But that will be the topic of a later post.

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Computer science education and the real world

Enrolments in computer science degrees (in the US and Western Europe) have fallen drastically over the past few years, although I believe there has now been an increase in applicants from the low point in 2008. Part of this was a reaction to the 2001 dot-com crash but I believe that another factor is that many if not most computer science degrees are increasingly irrelevant as far as real-world computing is concerned.

There are two major areas of real-world computing that, IMHO, don’t get enough attention in computer science degrees. One is embedded, real-time systems. We are surrounded by such systems – I counted 9 in my home office alone apart from the computers (router, scanner, printer, 3 phones, 1 ipod, 2 cameras) yet some CS degrees simply don’t cover them at all and the majority probably only offer a single optional module. The other area is my own interest of large-scale systems engineering. Current large-scale systems are not built from scratch using waterfall processes but are constructed by reusing software at different granularities from program libraries to entire systems.  Requirements are negotiated and issues such as throughput, dependability and security are critical. Most courses do include some software engineering – an essential starting point for considering large-scale systems engineering but then they stop. They don’t include courses on topics such as dependability and enterprise systems architectures.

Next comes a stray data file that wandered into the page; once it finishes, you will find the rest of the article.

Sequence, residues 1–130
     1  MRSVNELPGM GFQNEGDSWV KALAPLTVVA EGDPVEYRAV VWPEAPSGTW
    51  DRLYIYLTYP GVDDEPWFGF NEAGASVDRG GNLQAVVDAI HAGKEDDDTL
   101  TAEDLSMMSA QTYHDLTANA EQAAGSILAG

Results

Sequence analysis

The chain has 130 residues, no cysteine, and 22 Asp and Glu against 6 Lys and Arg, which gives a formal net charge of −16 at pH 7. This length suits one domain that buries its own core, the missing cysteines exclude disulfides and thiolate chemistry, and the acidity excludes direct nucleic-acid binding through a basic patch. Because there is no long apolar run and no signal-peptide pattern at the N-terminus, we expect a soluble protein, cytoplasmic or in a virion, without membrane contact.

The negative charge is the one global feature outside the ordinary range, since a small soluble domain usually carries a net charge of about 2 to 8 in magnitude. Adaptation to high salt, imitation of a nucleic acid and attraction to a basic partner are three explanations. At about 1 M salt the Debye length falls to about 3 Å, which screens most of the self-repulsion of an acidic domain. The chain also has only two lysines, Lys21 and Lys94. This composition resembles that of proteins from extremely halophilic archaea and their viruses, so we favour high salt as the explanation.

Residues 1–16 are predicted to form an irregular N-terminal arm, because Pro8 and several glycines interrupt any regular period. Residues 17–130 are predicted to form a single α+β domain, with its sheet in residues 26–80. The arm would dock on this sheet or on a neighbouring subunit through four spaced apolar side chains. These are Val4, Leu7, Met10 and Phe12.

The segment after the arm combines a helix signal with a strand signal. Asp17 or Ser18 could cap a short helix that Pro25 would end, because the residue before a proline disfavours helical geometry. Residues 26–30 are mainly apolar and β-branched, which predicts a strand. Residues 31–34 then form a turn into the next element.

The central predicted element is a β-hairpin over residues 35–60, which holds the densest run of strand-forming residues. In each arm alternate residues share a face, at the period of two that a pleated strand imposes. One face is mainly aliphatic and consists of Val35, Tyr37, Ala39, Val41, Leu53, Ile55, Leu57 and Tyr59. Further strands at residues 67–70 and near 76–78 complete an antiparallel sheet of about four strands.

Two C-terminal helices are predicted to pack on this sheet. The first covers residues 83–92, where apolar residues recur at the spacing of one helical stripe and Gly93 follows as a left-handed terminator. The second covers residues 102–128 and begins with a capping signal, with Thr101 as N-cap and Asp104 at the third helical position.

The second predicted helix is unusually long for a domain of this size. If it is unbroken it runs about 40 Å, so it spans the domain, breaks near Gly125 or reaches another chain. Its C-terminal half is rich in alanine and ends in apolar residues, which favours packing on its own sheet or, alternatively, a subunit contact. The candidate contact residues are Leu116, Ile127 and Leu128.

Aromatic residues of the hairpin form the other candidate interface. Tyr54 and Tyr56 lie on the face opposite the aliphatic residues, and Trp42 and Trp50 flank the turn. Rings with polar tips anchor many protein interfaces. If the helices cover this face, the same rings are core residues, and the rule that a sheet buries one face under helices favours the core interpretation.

Why have we got ourselves into this state where CS degrees are about programming rather than systems? The argument I hear from my colleagues is that programming is fundamental (true) and learning to program in Java (or perhaps a functional language) and to analyse programs for e.g. complexity is all you need. This, I think, simply is a weak justification of an untenable position – that systems are just scaled up programs.  We have arrived at this state because of two basic problems with our university system:

1. It’s very hard for people in universities to keep up with changes in the world. People who were appointed 20 years ago have spent their time scaling the academic career ladder and many of them have had little or no contact with industry since they were appointed. Essentially, they have no idea what real-world computing is like.